France crystallizes the paradox facing many women across the developed world in the early 21st century: They have more say over their sexuality (in France birth control and abortion are legal and subsidized), they have overtaken men in education and are catching up in the labor market, but few make it to the top of business or politics.
We have to ask the same thing about those organizations we call our own. There should be a meaningful difference between what "business and politics" has to offer women and what a practice of solidarity does. If what women experience as patriarchy is more or less the same everywhere they go, this is a terrible indictment of what we are doing -- or not doing -- within nominally "progressive" organizations. Unless working women want to associate with us, we aren't doing nearly enough.
One of the reasons I feel so adamant about this is because social advocacy inevitably fails without women. In fact, nothing "social" succeeds without them, for the simple reason that they comprise the majority of the world's peoples. To the degree that our organizations are marginal or ineffective, I believe a large part of this owes to a failure to make them at all attractive to women. Without women, social advocacy too often turns into some dudes arguing over dumb stuff nobody but those particular dudes care about.
Making our organizations attractive to women doesn't necessarily mean trying to impress them with dudely accomplishments or dudely intelligence. The whole point is to tone down all these dudely impulses -- big time. Even if men have the technical know-how and women are newcomers, as men we really need to make things about how we can welcome people into an unfamiliar setting, not broadcast the fact that we have the advantage.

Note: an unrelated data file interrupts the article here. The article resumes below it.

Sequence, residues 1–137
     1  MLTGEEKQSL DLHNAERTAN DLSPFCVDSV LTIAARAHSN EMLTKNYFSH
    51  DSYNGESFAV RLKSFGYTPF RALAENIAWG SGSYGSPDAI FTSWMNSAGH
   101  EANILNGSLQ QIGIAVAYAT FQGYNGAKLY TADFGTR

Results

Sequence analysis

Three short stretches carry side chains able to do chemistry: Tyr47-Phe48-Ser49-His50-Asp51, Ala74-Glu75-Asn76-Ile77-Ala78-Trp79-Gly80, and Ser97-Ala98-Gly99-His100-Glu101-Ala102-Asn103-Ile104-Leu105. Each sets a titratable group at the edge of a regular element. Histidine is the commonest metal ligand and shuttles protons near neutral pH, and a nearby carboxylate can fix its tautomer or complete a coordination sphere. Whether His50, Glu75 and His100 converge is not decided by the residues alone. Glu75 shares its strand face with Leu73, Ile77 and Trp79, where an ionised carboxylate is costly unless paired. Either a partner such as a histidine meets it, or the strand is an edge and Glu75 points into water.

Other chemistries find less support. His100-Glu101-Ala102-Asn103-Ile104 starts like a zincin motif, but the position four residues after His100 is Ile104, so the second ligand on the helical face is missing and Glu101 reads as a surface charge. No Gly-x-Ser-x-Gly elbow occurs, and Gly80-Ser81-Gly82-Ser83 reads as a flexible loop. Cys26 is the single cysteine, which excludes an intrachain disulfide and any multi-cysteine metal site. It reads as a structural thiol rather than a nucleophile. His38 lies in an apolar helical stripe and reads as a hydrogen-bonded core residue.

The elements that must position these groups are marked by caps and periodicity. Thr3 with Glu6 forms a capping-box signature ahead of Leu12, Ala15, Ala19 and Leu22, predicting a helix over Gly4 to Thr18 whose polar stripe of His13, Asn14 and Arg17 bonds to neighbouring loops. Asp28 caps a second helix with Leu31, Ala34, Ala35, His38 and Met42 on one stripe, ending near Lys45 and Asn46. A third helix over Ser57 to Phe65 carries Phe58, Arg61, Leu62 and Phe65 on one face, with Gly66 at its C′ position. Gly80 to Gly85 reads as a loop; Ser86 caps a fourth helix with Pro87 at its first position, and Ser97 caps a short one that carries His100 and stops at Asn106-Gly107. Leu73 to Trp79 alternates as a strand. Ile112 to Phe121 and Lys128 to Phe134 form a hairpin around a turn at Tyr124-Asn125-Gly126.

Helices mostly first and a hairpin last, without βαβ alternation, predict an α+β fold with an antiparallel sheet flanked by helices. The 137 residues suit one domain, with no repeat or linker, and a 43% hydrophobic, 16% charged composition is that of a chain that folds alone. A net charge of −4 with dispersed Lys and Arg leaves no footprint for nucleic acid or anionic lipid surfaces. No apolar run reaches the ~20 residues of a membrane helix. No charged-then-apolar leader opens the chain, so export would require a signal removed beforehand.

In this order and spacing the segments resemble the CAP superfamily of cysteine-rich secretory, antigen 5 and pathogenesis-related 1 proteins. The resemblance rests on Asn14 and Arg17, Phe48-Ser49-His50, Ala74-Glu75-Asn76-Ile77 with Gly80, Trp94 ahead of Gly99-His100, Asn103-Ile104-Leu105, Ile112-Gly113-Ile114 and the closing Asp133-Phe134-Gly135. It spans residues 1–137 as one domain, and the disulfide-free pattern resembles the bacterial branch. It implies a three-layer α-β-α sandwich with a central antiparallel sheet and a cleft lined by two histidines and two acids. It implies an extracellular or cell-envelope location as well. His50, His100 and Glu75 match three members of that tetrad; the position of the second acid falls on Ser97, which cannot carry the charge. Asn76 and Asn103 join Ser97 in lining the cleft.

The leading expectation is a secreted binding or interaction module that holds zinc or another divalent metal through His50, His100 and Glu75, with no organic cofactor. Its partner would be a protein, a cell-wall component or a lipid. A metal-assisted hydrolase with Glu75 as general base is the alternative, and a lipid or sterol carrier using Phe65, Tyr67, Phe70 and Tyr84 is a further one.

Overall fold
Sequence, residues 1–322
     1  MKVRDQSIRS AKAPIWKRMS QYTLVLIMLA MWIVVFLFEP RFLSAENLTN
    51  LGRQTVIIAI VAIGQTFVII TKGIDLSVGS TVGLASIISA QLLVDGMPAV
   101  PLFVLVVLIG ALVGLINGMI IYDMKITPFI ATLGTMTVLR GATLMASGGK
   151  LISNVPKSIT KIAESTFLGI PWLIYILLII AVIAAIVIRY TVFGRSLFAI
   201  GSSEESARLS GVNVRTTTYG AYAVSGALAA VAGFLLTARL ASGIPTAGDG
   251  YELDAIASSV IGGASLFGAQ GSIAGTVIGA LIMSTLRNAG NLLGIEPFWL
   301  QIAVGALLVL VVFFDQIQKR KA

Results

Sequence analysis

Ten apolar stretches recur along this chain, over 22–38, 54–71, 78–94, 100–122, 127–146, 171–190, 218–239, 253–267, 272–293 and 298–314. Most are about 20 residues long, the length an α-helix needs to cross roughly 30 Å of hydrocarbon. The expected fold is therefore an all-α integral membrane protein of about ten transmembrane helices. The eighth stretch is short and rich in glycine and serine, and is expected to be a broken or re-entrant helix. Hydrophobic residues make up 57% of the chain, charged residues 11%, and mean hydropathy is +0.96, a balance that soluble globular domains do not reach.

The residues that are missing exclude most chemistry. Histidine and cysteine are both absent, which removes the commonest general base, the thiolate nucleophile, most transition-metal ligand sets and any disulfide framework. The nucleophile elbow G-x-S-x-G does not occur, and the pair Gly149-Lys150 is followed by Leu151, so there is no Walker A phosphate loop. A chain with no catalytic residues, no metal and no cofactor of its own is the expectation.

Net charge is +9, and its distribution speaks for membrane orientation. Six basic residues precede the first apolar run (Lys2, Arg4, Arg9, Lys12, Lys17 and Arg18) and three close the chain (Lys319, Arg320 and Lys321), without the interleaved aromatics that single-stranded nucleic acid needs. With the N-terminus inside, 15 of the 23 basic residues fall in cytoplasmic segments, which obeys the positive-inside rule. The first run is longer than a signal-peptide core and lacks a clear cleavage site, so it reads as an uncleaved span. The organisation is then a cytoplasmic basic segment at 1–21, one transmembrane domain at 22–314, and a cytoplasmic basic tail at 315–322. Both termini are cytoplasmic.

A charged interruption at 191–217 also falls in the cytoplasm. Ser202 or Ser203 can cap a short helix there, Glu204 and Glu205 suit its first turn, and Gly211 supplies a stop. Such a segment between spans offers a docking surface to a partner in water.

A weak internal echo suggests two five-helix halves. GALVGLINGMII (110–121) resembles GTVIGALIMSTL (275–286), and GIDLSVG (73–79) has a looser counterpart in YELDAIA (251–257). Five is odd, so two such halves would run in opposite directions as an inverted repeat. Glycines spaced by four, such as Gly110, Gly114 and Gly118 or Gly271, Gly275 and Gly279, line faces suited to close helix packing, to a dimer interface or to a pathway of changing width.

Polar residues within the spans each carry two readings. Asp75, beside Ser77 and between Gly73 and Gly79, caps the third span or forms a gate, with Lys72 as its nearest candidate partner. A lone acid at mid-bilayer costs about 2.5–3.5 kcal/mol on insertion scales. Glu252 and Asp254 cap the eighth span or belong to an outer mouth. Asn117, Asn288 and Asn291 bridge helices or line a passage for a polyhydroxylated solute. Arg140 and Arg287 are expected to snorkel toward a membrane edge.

Most of us at some point learned how to engage the women who interest us, if only on an interpersonal level. And yet somehow this is completely lost on us at an organizational level. It must be one of the identifying traits of patriarchy that we learn to extend a level of consideration to certain women, but not to every woman. By the standards of patriarchy, this amounts to showing a modicum of decency to the women we really like, and not much to anyone else.
So let us review some of the basics of going on a first date, and consider how they can be applied within our organizations. First, don't talk about yourself all the time, or only the things you care about all the time; in fact, try not to talk so much. Let other people speak, and actually take an interest in what they are telling you. Just because they haven't read Marx or Proudhon doesn't mean they can't communicate the fact that they don't want to talk about Marx or Proudhon. If all we take from somebody is that they haven't read Marx or Proudhon, we may miss out on the fact that they don't particularly care that they haven't. If we want to appeal to people, we have to respect their preferences, not immediately insist on our own.